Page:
Three buddies wake up from a bachelor party in Las Vegas, with no memory of the previous night and the bachelor missing. They make their way around the city in order to find their friend before his wedding.
Robert Neville is a scientist who was unable to stop the spread of the terrible virus that was incurable and man-made. Immune, Neville is now the last human survivor in what is left of New York City and perhaps the world. For three years, Neville has faithfully sent out daily radio messages, desperate to find any other survivors who might be out there. But he is not alone. Mutant victims of the plague -- The Infected -- lurk in the shadows... watching Neville's every move... waiting for him to make a fatal mistake. Perhaps mankind's last, best hope, Neville is driven by only one remaining mission: to find a way to reverse the effects of the virus using his own immune blood. But he knows he is outnumbered... and quickly running out of time. Written by
Warner Bros. Pictures
While doing a press conference in Japan for the release of the movie, Will Smith accidentally revealed the ending to a collection of entertainment reporters. Warner Brothers asked the reporters and all those present to withhold the ending and the reporters all obliged without any payoff or consideration. See more »
The central spans of the Brooklyn and Manhattan Bridge are destroyed, but the towers and side spans remain standing which is impossible. If you cut the suspension cables, the whole bridge will collapse. The towers are not strong enough to hold the cables - the weight of the side spans will pull them down. See more »
The world of medicine has seen its share of miracle cures, from the polio vaccine to heart transplants. But all past achievements may pale in comparison to the work of Dr. Alice Krippin. Thank you so much for joining us this morning.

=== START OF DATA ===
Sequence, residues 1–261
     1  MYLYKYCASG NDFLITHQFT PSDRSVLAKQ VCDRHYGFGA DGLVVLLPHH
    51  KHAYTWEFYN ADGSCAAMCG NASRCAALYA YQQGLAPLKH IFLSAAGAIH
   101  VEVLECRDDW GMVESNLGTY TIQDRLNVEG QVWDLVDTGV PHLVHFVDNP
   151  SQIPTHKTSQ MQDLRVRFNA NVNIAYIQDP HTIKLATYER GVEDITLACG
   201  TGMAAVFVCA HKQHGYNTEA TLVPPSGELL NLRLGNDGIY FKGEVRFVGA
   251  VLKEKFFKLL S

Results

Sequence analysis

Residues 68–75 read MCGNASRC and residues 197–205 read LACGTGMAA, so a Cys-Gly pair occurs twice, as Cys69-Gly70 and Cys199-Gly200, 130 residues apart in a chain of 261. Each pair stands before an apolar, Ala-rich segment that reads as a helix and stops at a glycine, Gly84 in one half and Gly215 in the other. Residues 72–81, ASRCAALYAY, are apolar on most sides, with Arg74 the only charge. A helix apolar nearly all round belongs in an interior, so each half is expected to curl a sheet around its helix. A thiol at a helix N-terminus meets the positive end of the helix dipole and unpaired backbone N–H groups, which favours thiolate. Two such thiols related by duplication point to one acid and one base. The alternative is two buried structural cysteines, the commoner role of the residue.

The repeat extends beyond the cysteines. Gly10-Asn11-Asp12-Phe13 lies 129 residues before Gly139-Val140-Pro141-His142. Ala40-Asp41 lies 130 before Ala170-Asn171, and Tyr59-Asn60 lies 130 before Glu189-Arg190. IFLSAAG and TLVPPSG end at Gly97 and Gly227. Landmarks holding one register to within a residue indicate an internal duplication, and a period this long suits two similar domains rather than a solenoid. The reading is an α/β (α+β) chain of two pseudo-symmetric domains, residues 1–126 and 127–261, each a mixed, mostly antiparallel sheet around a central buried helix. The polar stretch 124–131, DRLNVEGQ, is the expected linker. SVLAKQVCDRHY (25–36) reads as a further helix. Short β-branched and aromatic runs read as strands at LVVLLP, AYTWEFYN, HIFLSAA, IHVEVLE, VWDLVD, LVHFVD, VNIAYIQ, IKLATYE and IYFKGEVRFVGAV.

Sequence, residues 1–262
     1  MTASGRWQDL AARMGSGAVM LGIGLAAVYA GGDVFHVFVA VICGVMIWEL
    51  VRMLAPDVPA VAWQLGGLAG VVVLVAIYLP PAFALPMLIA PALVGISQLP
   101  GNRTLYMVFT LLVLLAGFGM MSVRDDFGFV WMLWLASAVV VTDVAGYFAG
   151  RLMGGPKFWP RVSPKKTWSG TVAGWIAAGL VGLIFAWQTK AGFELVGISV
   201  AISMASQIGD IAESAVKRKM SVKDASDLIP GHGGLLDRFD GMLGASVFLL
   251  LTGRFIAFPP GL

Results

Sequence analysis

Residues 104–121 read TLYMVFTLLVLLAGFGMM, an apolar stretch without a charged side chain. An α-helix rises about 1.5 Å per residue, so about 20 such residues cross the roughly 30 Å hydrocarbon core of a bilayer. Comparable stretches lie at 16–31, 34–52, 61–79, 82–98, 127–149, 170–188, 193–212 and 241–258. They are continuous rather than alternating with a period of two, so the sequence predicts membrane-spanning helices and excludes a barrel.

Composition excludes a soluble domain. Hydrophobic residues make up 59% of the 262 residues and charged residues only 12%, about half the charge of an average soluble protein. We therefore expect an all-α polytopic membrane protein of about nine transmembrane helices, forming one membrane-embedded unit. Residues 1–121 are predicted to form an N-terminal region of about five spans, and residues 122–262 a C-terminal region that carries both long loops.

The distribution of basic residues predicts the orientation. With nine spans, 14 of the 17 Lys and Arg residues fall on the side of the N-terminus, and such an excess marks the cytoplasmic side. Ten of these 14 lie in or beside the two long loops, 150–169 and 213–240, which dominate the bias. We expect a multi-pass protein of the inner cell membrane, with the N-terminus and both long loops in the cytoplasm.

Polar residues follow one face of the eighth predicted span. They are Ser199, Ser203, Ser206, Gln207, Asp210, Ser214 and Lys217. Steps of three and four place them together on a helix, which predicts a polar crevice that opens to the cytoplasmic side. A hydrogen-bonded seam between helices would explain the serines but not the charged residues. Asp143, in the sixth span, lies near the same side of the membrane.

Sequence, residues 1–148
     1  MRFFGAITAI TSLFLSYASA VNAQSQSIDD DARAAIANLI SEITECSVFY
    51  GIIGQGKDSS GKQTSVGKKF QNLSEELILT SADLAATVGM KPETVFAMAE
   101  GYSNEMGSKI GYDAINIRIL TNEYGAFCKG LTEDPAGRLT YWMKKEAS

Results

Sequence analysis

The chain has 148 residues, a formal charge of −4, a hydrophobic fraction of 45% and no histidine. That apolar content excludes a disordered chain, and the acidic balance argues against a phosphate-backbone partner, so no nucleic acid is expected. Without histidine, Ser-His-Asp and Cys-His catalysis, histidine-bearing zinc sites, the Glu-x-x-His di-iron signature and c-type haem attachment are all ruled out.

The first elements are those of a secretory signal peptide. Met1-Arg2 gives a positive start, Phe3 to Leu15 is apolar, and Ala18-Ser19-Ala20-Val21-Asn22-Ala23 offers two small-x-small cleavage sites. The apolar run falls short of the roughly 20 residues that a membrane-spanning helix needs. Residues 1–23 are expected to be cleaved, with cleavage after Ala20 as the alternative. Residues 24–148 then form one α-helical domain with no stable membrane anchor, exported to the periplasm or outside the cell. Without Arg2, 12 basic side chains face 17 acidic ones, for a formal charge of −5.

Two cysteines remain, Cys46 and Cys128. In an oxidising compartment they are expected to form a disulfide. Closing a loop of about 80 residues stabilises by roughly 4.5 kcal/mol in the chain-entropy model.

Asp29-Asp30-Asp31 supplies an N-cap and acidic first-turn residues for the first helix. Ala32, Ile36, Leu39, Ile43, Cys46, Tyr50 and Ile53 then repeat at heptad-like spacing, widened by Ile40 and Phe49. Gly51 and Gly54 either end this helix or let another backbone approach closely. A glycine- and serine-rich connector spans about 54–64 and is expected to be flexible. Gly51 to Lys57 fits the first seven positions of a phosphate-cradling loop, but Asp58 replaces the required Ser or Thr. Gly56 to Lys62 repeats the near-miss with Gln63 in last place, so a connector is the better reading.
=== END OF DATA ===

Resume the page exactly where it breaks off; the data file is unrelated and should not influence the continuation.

Dr. Alice Krippin:
Not at all.
So, Dr. Krippin, give it to me in a nutshell.
Dr. Alice Krippin:
Well, the premise is quite simple - um, take something designed by nature and reprogram it to make it work for the body rather than against it.
You're talking about a virus?
Dr. Alice Krippin:
Indeed, yes. In this...
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The title doesn't appear on screen until several minutes into the film. See more »
The 1954 sci-fi/vampire novel "I Am Legend" by Richard Matheson has now been filmed three times: as "The Last Man On Earth" in 1964 originally scripted by Matheson himself (which I have never seen), as "The Omega Man" in 1971 without the vampire elements (which I have viewed three times), and now with the original title and expensive sets and special effects. This time the seemingly sole survivor of the worldwide pandemic Robert Neville is played by Will Smith who is an actor with real charisma and charm and considerable box office appeal who has beefed himself up for the role.
The main strength of this version is the location shots in a deserted New York City (a move from the Los Angeles of the book and earlier films) and, although the filming of these scenes apparently caused traffic chaos and much anger for local residents, they chillingly set the tone for this dystopian thriller. To see the silent streets around Times Square or South Street Seaport or the lone scientist fishing in the Metropolitan Museum of Art or playing golf on the "USS Intrepid" is to view this heaving metropolis as we have never experienced it before. The German shepherd dog who is Neville's sole companion deserves an honourable mention for showing greater thespian skills than most of the extras and stunt men.
The principal weakness of the movie, however, is the realisation of the surviving victims of the virus. The CGI characters are almost as silly as they are scary but, above all, they are presented as more animalistic than human. "The Omega Man" handled these characters much better presenting them as sad as well as scary. The other serious fault is the lack of clarity in the narrative - at times, it is simply unclear what is happening and why and a longer director's cut would be welcome. Finally the references to Ground Zero and God may play well with American audiences but will not be so resonant to audiences elsewhere in the world.
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